fredag den 21. september 2012
I was in need of a time picker with a corresponding duration-selector; and as I couldn't find anything which suited the requirements, I decided to make it myself. So here it is for you to grab if you like. This is what i looks like:
The requirement was to select a specific time on a time ruler, so I'm drawing a ruler on a html5 canvas element and, beneath it, a ruler to select the duration. With both rulers I overlay a 'ruler-marker' div, of course absolutely positioned, and those are decorated with the jquery UI 'draggable' attribute - limited in as much as you can only move the marker within the ruler. A 'onDrag'-handler makes sure the size of the ruler-marker of the time-ruler expands or contracts with the change in duration.
It's important to incorporate the touch-punch - http://touchpunch.furf.com/ - js support for the jquery ui, if you expect the draggable-functionality to work on IOS devices.
So that's a day's work for me, hopefully it'll save you one. Here's the source:
Oh, there's a 'Helperfunctions.js' involved which I don't link to, but it incorporates a 'GetAbsolutePosition()'-function that I nicked from here: http://blogs.korzh.com/progtips/2008/05/28/absolute-coordinates-of-dom-element-within-document.html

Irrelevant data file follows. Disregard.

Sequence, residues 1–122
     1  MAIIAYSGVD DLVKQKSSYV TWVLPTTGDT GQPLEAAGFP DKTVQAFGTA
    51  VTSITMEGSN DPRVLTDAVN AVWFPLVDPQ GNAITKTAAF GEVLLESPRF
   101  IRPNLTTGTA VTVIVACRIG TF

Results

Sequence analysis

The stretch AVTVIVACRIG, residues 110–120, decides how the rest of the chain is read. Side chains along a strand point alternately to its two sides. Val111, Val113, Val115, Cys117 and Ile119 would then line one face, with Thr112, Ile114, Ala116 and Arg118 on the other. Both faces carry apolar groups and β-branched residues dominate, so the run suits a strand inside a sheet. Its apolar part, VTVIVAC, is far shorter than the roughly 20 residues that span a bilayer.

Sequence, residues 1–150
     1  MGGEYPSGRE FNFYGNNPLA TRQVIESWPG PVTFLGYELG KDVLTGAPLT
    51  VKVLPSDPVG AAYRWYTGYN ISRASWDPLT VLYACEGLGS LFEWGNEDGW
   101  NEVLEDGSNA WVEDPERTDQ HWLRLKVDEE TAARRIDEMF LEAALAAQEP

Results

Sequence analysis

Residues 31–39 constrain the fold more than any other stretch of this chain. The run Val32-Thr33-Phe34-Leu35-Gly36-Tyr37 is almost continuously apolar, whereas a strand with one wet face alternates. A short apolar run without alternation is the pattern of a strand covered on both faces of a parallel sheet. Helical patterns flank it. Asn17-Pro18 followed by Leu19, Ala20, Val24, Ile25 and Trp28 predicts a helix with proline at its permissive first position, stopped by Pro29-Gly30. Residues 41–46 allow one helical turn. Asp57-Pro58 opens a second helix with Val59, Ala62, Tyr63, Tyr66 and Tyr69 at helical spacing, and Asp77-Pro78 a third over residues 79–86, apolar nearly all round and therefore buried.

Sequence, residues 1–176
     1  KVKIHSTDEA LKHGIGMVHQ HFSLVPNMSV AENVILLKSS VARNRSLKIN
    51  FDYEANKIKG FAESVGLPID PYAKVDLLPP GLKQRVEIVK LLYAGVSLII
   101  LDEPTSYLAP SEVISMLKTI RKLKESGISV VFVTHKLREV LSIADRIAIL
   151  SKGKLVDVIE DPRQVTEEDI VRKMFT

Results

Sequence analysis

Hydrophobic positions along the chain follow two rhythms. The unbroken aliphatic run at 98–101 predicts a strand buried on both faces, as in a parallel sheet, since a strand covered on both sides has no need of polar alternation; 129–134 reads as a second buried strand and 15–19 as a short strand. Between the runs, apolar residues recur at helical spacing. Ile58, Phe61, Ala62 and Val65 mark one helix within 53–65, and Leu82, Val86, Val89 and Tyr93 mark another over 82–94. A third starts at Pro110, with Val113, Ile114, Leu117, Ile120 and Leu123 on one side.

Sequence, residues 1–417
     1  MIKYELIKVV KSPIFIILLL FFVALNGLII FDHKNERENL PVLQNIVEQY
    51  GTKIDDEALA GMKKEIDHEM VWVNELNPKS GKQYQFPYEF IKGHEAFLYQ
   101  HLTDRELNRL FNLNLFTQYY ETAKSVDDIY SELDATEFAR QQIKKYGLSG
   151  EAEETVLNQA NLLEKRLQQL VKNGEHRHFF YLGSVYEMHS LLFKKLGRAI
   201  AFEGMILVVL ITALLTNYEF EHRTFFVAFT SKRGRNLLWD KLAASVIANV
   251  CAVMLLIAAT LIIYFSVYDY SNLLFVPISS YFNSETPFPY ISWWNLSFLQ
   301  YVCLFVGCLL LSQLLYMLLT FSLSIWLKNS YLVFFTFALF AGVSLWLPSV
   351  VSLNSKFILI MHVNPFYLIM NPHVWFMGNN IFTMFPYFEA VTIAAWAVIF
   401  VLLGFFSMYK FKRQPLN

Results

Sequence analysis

onsdag den 19. september 2012
UPDATE 7/9/13: I heard a rumor that Skype would no longer support the below method of integration. It's probably worth your while to check it out, and thus not waste your time if that's indeed the case.
I was asked to build a windows desktop application which offered video-assistances to students who visited with our physical helpdesk, only to find no-one there to help them - wherefore they could instead perform a video-call to the first available helpdesk-staffer.
My choice in building the application was to utilize the Skype API, in as much as the audio and video part is proven and reliable, and, well, there's no sense in re-inventing the wheel. They all use Skype to make intranet calls anyway, so they're used to it and very familiar with it. And so are the students, for that matter. So that's what I did and it worked out terrific. And here's how I did it: